It will make the job of the CIO in the CISO's life a little bit easier.
Easier, right? Because I mean, certain health systems, you just go in, they understand security and you say, Hey, we need funding for this. And they say, yes, but the reason you have to have a, a bill like this or have it attached to the omnibus.
Is because too many health systems are saying, yeah, we'll get to that when we're required to get to it. And so as a, as cio, I know that kind of backstop is helpful. Now I walk in and go, look, we have to do this.
So there's a lot of reasons why hospitals, health system providers may not necessarily be doing, like, everything I'm air quoting everything they should be doing around cyber. It would be disingenuous for me to suggest that there aren't some who are not paying enough attention. That's certainly an issue. However, there's also like resources. I mean, we didn't have enough resources before the pandemic. Right. You know, Workforce. I, I keep saying like, if you can't have the clinicians showing up for work, no one's gonna care about cybersecurity cuz they can't even keep their doors open.
Right. So we have a lot of financial constraints. That's one thing that. Fighting for, I mean, I think it's gonna be a really tough year in Capitol Hill because they want to go back to pre pandemic funding level. Some of the Republicans do, and so it's gonna present challenges across the entire like economy.
Who's gonna get that extra money? We of course, would like to see some resources for providers because it comes down to patient safety and national security. But are we gonna be successful? I don't know. I think it's a really, really hard, I think it's really hard to get money this. For anything.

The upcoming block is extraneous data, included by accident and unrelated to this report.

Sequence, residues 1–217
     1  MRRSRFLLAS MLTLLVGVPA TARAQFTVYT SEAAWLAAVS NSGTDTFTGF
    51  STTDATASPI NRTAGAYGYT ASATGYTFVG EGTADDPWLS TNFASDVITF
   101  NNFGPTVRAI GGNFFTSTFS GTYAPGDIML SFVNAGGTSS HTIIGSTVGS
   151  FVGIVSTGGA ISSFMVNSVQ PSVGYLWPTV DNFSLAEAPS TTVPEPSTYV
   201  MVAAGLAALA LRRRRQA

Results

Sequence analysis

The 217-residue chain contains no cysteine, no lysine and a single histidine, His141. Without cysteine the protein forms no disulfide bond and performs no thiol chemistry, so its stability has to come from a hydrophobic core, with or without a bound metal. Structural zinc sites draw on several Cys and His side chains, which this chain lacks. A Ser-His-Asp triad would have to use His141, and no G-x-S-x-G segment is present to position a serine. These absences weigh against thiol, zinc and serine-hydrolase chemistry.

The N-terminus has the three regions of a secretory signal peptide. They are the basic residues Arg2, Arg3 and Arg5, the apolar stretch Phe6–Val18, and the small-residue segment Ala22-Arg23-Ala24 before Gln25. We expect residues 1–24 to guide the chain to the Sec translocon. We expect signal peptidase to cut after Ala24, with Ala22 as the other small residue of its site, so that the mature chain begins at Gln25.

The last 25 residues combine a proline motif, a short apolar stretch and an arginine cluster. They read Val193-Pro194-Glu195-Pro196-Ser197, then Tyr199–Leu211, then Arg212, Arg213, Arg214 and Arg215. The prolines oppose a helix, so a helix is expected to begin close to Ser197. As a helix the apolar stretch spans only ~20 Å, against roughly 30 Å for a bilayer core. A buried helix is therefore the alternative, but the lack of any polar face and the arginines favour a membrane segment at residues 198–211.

So, but I have to just, if, you know, if you sit here and like wallow in your misery of like, what you didn't get you're not celebrating like the incremental things that we did get. And so the patch act is a good thing and so it will help. But I mean, we are gonna have to navigate this and HHS and Congress, Evenson Warner, who's the chairman of Senate Intelligence c.
Yeah, he's very focused on cyber. They're looking at standards, AK mandates, and we are willing to accept mandates cuz frankly we probably need them. However, it's gonna be really hard and I'm being like really hard to impose that without some sort of financial assistance because it is a shared responsibility.
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Yeah. Senator Warner is really advancing the cybersecurity. He's carrying the flag right now. Yes. How much is Chime informing that? How much is our membership informing that?
Well, after my three all-nighters in December to write our AK quasi manifesto his paper was really called that a messaging document.
It was long, it was like 28. So we wrote a very thoughtful and I think meaningful response back. I mean, he certainly has opened the door on a number of things like cyber insurance, right? Yeah. He's starting the conversation. He really, the whole, it was a smorgasborg of like options. And so we gave 'em like all of our thoughts and I think we were thought maybe something would shake out in q1, but we're almost in a Q1 and it hasn't happened.
But I think possibly they may be waiting to see what HHS is moving on some things. And so I think they want to see what HHS does. So there's some of that. Sinking up and, then the Biden administration released like their big cyber plan recently. There's a lot of irons in the fire here.
Cybersecurity is job one. What's job two, three, and four?
Well, I mean, on any given day, it just sort of depends like what would be sliding into slot two. But I think we have some space on telehealth. Pandemic is ending. Everyone pandemic is ending. It's over May 11th.
Right. So then, Yeah, so the public health emergency dollars go away, but a lot of that was shored up last year.thorities all the way through:
Like say some all providers using FaceTime, that stuff's going away. Like, you know, That's an ocr. Flexibility. So we'll be looking at that and just making sure there's so many policies that were loosened up. So that's one thing. Privacy, and, I mean, you and I have talked about privacy. We need a national privacy law, everyone we do.
And that is still, I think, in play and I think there's a growing nexus between what policy makers are doing on cyber and privacy. It hasn't yet happened. They may be looking maybe at children first, which is fine. You can just start somewhere. So we look at privacy. We wanna make sure there's no duplication of effort when it comes to what a HIPAA covered Indy would have to do.